Nigeria has launched Africa’s first digital currency called the eNaira. This will be the country’s new digital version of its currency.
The country’s President Muhammadu Buhari said on Monday that Nigeria has “become the first country in Africa and one of the first in the world to have introduced a digital currency for our citizens.”
Nigeria’s government said the new digital currency should improve cross-border trade and enable financial inclusion for those in the informal economy as well as increase remittances from abroad.
The eNaira was to have been launched on October 1 to coincide with the country’s independence day celebration but was delayed by the Central Bank.
Nigeria is Africa’s largest economy in terms of GDP and should soon be followed by neighbors Ghana, which has announced plans to also launch its digital currency soon.
China was the first major economy to launch digital currency with at least five other countries doing same since then.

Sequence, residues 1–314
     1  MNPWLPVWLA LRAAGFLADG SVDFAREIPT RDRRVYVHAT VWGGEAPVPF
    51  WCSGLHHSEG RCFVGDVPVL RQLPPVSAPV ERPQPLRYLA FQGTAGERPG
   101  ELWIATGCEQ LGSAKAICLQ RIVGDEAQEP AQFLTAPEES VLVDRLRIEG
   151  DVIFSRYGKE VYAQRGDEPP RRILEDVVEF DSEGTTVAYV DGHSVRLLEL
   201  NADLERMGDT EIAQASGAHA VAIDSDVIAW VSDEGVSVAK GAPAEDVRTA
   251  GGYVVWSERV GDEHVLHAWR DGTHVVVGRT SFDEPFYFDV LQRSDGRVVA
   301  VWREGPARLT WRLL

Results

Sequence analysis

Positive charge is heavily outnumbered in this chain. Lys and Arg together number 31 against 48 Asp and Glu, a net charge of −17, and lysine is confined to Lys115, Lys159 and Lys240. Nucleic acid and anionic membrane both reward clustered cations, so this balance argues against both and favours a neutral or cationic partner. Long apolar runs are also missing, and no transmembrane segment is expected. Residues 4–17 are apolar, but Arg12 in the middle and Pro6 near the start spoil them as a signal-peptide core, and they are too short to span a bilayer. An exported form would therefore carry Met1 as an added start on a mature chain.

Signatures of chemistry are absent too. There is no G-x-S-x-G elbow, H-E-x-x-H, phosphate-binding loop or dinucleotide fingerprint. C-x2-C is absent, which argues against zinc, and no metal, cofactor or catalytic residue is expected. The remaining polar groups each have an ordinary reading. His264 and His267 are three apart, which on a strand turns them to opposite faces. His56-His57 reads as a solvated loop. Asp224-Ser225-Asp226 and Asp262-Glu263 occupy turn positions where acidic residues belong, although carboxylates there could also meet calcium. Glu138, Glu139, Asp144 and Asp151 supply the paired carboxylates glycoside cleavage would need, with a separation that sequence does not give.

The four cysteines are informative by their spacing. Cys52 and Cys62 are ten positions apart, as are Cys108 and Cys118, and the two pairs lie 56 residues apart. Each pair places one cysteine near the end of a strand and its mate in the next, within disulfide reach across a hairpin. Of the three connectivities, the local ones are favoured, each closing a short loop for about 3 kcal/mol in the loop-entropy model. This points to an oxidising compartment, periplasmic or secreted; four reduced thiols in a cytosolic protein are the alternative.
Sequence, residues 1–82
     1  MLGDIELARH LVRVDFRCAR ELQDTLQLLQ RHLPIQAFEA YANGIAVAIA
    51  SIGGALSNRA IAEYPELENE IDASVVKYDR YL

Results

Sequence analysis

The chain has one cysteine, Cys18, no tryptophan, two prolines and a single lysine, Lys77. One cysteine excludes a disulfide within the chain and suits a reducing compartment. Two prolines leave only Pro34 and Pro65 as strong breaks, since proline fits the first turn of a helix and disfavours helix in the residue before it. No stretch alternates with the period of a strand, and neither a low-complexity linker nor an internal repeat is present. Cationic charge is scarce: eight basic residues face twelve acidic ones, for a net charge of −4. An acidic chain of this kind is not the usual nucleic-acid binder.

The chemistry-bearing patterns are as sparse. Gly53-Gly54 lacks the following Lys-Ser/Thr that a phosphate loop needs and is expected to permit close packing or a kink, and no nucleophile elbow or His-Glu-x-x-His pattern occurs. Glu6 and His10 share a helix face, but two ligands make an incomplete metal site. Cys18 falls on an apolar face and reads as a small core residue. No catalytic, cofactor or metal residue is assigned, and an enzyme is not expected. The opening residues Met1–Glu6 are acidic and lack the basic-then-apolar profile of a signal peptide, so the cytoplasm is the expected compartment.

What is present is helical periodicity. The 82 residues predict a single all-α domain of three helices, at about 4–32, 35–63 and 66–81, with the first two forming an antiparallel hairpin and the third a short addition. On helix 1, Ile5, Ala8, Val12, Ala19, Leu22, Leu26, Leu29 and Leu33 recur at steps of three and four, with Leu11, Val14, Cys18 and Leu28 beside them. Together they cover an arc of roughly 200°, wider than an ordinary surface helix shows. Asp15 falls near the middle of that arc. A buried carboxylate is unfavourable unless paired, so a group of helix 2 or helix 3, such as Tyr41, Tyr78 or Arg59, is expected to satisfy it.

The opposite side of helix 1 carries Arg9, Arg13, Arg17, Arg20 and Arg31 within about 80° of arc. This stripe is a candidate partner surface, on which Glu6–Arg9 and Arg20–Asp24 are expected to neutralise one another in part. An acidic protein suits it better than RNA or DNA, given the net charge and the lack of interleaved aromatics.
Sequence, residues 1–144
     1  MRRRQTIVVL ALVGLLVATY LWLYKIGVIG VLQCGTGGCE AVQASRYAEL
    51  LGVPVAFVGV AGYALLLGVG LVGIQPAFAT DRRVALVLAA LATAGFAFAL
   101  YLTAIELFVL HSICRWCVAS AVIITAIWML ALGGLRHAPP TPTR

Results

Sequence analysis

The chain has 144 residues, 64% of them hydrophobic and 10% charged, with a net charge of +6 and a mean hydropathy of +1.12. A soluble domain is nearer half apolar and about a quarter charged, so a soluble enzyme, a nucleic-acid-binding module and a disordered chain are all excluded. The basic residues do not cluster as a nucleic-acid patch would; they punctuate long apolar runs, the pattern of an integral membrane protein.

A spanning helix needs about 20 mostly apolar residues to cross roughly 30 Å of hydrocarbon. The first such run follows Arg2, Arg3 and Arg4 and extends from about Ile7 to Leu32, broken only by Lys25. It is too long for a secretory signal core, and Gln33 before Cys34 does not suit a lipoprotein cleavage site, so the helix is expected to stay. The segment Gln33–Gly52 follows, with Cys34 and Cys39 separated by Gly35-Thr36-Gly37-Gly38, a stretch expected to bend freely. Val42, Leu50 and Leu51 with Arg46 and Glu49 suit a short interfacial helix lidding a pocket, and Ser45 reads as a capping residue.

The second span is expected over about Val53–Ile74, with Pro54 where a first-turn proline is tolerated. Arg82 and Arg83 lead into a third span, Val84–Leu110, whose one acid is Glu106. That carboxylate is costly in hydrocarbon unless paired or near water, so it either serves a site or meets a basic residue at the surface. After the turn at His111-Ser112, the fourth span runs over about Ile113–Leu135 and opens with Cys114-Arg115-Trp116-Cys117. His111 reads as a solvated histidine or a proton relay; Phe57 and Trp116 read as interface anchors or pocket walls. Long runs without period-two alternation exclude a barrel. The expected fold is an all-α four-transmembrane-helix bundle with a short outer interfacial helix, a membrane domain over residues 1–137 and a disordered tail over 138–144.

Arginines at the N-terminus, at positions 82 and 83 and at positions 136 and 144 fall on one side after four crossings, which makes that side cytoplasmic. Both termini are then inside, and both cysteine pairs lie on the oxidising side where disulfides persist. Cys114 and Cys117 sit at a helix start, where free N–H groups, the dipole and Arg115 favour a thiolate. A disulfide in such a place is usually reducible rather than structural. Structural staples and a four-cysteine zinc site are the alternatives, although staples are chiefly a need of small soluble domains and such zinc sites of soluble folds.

Nigeria’s central bank is however making way for the launch of the Nigeria digital currency months after barring banks and financial institutions from facilitating transactions in cryptocurrencies.
In February this year the bank said in a statement that all financial institutions were prohibited from facilitating crypto currency payments.
“Further to earlier regulatory directives on the subject, the Bank hereby wishes to remind regulated institutions that dealing in cryptocurrencies or facilitating payments for cryptocurrency is prohibited,” the statement said at the time.
According to the Central Bank of Nigeria financial institutions are to identify persons and entities transacting in, or, operating crypto currency exchanges and go ahead to close such accounts immediately.
The bank said “breaches of this directive will attract severe regulatory sanctions.”
Nigeria is the second largest bitcoin market in the world after the United States.
Cryptocurrencies help many avoid constant depreciation of their currencies, making it easier for them to receive money from abroad.
Central banks around the world have also been working around creating digital versions of their currencies to compete with cryptocurrencies that are beyond the control of governments and global regulators.